The passing down of knowledge is always sketchy. Two students of the same teacher can take away two different lessons. If you add in the fact that they aren’t given the why (a problem that has only gotten worse from those cavalry days) then you get truly corrupted interpretations.
Baucher is problematic for me, as I have only read his early work and did not like it. I have to get the later material as I hear it is better. But, you are right – I see too many today who say they follow Baucher who create horrific results.
Great information and perspective! Thanks for posting it!
Baucher’s second method is available at no cost online. It is worth the read just to see his perspective.
I have not found much on much on starting horses in texts pre-WWII. Since most stable hands were illiterate until very recently even the texts that address stable and pasture management, breeding and acclimating and conditioning young horses do so from the point of view of the literate owner delegating tasks not from place of the day to day hands on dirty work. If you know of an exception I’d love to have the title.
As for horse books written since WWII…they fall far short of what the horse actually needs. I recently came across a study finding three- quarters of the riding horses examined were clinically lame AND their riders did not notice! Clearly the modern horse industry needs a serious revamping.
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I will dig through the library. Many of the works don’t go into detail on the early work – but talk about the young horses’ early life, growing up in the field, early handling, how to accustom them to the stable, etc. Written by the elite trainer, but at least some of them recognizing the importance of that early handling. Rare, indeed – and all were pre-WWII.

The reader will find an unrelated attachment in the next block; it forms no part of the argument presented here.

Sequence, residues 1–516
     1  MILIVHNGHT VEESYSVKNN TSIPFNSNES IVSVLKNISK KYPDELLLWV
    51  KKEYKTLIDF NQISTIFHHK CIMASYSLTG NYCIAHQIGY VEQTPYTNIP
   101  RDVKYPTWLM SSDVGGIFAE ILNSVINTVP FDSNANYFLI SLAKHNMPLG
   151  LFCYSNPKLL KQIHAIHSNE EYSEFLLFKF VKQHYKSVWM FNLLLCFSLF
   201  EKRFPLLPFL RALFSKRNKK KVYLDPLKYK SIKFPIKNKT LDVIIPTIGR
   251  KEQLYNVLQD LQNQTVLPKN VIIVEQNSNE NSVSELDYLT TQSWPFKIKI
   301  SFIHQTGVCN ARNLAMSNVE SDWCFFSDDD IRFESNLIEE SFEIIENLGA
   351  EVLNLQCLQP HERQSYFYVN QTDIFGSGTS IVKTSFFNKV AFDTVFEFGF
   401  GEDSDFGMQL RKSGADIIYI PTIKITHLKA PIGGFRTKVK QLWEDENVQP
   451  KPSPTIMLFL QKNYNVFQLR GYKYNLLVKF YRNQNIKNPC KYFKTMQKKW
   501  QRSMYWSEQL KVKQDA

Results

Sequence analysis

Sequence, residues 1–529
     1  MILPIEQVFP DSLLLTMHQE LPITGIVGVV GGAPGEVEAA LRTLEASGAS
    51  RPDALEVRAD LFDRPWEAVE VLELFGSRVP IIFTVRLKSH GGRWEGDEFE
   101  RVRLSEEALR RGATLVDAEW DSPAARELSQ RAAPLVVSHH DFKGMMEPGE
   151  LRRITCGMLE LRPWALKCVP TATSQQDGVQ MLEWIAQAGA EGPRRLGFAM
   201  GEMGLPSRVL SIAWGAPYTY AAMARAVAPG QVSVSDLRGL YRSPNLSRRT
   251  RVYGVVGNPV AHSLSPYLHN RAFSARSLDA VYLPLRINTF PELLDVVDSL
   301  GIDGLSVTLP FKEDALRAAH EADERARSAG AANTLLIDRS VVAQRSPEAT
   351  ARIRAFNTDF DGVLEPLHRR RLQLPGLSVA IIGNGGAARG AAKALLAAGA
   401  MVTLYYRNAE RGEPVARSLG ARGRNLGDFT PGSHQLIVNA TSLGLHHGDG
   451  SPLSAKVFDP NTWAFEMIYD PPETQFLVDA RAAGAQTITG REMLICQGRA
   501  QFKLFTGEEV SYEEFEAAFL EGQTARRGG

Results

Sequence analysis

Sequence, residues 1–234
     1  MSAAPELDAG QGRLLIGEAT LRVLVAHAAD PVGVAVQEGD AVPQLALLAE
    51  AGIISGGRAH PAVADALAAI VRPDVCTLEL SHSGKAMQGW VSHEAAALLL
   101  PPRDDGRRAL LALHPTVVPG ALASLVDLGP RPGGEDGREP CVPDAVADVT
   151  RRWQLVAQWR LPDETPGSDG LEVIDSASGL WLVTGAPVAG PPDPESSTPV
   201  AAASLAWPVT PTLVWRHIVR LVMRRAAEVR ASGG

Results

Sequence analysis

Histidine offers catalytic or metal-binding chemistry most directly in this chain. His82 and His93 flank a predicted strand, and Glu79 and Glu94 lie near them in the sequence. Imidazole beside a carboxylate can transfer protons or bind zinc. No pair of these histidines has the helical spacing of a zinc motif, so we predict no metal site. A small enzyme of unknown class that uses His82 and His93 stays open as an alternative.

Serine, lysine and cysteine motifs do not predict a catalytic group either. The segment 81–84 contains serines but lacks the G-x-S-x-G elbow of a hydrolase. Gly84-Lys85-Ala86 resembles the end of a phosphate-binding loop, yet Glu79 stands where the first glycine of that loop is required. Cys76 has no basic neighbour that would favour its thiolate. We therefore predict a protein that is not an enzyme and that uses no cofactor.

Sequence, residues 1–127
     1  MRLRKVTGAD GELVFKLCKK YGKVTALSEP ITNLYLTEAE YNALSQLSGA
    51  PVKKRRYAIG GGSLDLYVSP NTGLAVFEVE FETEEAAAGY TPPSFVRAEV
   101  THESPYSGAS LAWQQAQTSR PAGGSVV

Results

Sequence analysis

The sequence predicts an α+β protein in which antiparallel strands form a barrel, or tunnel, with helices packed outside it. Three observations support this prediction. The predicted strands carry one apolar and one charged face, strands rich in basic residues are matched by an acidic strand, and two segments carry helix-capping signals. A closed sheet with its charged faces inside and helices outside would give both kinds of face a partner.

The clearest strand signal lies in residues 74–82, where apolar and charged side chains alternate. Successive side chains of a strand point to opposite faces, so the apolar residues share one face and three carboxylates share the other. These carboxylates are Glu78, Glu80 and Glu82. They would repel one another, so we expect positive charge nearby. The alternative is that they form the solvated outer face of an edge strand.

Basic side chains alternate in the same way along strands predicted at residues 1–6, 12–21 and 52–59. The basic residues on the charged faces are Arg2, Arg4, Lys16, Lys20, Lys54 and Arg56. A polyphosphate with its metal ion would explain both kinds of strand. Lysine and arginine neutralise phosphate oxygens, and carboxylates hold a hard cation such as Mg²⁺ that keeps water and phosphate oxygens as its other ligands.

Sad to say that starting young horses is a long lost art! I could go on and on with that subject! From the most basic skills no one teaches any more, to the fact that past masters didn’t even touch collection until a horse was under saddle for two years. Topic for a future post … or ten. 😉
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That’s why I agreed to write a series on starting the horse and rider for the many equine associates degree programs them myself and went ahead and e-published when the publisher flaked out on me. Describing what how and why for the reader who has grown up on video games not horses was a real mind-bender!
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I bet! I think there is so much in childhood interactions with horses (becoming all too rare) that are difficult to replace or explain. And most people now see the horse more as a tool, ready made for their use. It reminds me of people who can’t understand why their dog doesn’t just come knowing how to sit or walk on a leash! Little thought to the amount of education it actually requires for them to navigate in a human-made world.